If you’re preparing a shameful stag-night for later in the year, you may want to look away now.
Suffice to state that ITV’s brand-new crime drama Grace might well leave future grooms traumatised. Episode one, based on the very first of Peter James’ successful Roy Grace books, goes far beyond the normal scaries of beer chugs and falling face-down on Wetherspoons carpets.
It would be a spoiler to say precisely how and in what manner viewers will be traumatised, however those who’ve read the books will know precisely which scenes I imply. No doubt they also felt obliged to stick their go out the window for a long gasp of fresh air, as I did after viewing the episode.
The new drama series, like the books, follows Brighton-based authorities investigator DS Roy Grace, a methodical man whose other half went missing some years back and stays unfound, in spite of his best efforts.
I’ve not read the Roy Grace book series, so it would be tough to discuss how well John Simm may determine up to the detective hero of readers’ imaginings (an near-impossible feat anyhow, for any actor playing a precious imaginary character).
Simm is probably best known for his deal with Life on Mars, the surreal ‘odd couple’ police procedural in which he played Sam Tyler, a modern-day, by-the-book officer who partner with Gene Hunt (Philip Glenister), a 1970s copper with unorthodox (and primarily violent) methods. In Grace, nevertheless, it’s Simm who takes on the role of the unconventional detective– although instead of punches and kicks, he goes with spookier routes to the fact.
He’s a complex character by any means, but when you haven’t check out the books and you’re satisfying him for the first time, it can be tough to get a manage on him. There were aspects of his character and his professional drive that felt baffled or brushed over during this very first episode.
When he first appears on-screen, he remains in court defending a controversial choice to employ a medium (the Ouija board, spirit guide kind) to discover a missing individual. He won’t pull back and the papers get hold of the story, harming the police’s track record. However, we’re not provided a genuine reason he’s so unapologetic about his odd techniques up until much later, and by then it doesn’t seem like enough. Nor did I fully understand the nature of his relationship with among the suspects, something that I think of would have been more clear in the books.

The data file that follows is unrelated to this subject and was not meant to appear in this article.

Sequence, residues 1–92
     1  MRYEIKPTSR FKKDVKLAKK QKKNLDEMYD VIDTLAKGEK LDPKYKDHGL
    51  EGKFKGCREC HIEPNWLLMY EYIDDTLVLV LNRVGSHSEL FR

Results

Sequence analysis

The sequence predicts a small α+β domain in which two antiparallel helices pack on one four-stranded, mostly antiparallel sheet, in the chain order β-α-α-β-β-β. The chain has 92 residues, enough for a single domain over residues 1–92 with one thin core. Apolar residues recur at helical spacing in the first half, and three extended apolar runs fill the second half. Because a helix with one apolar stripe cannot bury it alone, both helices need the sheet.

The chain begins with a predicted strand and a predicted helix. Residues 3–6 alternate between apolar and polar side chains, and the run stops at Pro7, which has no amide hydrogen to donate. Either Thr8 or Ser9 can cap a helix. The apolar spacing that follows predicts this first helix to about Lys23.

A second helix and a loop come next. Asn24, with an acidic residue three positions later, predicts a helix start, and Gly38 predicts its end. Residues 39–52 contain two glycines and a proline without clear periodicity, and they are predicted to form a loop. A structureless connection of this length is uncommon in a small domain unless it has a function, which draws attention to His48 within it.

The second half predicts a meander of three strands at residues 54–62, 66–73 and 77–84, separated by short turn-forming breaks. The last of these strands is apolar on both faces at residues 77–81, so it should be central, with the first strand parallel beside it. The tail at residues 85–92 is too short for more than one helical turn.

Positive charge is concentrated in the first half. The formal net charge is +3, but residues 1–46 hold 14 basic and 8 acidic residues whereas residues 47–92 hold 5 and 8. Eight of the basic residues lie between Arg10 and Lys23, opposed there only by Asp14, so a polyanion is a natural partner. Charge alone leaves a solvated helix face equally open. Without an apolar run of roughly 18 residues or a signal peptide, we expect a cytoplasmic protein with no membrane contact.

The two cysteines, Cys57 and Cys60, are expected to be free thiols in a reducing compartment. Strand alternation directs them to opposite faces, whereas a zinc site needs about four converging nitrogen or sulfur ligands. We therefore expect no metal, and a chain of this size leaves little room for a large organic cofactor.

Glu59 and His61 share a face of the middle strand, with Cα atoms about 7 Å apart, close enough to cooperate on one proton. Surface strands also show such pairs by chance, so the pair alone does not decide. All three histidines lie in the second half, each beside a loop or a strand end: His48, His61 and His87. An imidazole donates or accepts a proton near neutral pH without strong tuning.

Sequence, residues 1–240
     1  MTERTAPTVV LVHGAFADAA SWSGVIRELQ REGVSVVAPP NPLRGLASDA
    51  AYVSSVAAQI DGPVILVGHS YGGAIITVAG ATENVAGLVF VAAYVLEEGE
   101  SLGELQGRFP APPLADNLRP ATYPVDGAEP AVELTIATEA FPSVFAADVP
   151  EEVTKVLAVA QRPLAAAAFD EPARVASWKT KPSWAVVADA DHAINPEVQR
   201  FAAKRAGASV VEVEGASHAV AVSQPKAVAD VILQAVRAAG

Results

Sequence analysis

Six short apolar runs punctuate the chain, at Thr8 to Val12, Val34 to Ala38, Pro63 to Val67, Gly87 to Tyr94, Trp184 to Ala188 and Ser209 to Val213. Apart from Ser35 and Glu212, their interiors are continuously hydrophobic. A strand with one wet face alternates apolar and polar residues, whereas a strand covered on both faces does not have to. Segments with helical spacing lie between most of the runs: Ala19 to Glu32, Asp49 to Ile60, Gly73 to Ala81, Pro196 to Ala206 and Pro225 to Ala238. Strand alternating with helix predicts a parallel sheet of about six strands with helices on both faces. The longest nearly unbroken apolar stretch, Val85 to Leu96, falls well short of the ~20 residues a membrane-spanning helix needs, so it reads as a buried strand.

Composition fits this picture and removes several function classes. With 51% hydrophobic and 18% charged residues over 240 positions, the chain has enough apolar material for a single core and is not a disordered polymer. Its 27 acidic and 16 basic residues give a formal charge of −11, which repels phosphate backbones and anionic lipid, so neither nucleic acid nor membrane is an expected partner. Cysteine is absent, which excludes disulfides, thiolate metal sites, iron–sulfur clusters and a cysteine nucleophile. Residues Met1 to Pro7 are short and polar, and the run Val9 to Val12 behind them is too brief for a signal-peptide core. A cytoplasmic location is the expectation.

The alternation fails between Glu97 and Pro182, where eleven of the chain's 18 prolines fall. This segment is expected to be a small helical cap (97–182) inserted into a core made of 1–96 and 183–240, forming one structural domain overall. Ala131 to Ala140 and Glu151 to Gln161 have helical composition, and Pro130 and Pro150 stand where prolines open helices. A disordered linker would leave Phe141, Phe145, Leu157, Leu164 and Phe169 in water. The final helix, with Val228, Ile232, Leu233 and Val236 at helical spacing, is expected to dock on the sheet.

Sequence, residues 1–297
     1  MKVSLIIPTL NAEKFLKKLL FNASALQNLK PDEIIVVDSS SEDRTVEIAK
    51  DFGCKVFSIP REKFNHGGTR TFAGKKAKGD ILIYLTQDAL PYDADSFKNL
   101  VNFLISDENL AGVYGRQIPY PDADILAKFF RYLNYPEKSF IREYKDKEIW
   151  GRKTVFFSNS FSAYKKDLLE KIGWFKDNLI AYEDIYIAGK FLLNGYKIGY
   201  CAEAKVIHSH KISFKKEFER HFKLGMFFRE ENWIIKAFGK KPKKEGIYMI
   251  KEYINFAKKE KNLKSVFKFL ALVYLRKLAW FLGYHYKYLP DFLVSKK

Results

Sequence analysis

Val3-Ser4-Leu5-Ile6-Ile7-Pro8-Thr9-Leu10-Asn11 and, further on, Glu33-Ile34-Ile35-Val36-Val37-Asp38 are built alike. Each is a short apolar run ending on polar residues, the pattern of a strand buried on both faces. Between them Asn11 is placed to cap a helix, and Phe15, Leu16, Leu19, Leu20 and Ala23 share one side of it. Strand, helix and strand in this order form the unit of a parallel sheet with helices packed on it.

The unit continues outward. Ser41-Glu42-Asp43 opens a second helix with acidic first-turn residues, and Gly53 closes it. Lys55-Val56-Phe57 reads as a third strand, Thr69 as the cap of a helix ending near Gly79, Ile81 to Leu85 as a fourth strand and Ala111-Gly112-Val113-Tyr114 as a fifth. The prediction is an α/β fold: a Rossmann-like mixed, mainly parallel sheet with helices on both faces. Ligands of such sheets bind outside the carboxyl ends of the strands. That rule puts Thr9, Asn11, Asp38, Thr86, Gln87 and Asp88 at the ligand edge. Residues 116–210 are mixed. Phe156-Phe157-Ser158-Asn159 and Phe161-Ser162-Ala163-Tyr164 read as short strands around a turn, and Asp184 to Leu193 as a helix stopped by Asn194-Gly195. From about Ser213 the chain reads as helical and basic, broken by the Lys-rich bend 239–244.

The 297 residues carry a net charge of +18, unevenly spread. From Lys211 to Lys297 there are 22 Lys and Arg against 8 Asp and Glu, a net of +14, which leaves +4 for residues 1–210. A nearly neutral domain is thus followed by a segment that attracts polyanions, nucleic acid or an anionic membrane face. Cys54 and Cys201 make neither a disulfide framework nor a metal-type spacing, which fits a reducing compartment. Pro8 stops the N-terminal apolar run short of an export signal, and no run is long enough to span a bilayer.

The show’s reasonable, ‘Sam Tyler’ function is filled by DS Glenn Branson (Richie Campbell), a happily wed dad and Grace’s previous protégée. When Grace is designated desk duty following the public fall-out of the court incident, charming Branson manages to rope his old boss into a consulting role on a fast-moving, missing out on individual case.
John Simm as DS Roy Grace and Alisha Bailey as Ashley in Grace(ITV )ITV A local residential or commercial property designer and groom-to-be, Michael, has vanished on the night of his rowdy stag party. The rest of his groomsmen (bar the very best guy) were all associated with a deadly car accident, however our groom seems to have actually vanished into thin air, leaving his distraught and mysterious fiancée, Ashley. Both Grace and Branson take a shine to her, and Grace in particular– he sees her continuously.
Any character advancement concerns aside, the episode shows a nail-biting watch. Michael is an abundant man, and there’s the idea that he could have just taken off– but the audience quickly finds out that something much more sinister is at play, and the clock is ticking …
Grace will premiere on ITV on Sunday 14th March at 8pm. If you wish to start checking out Peter James’ Roy Grace series, you can purchase the very first instalment Dead Simple and the 2nd unique Looking Good Dead on Amazon. You can browse the whole series here.
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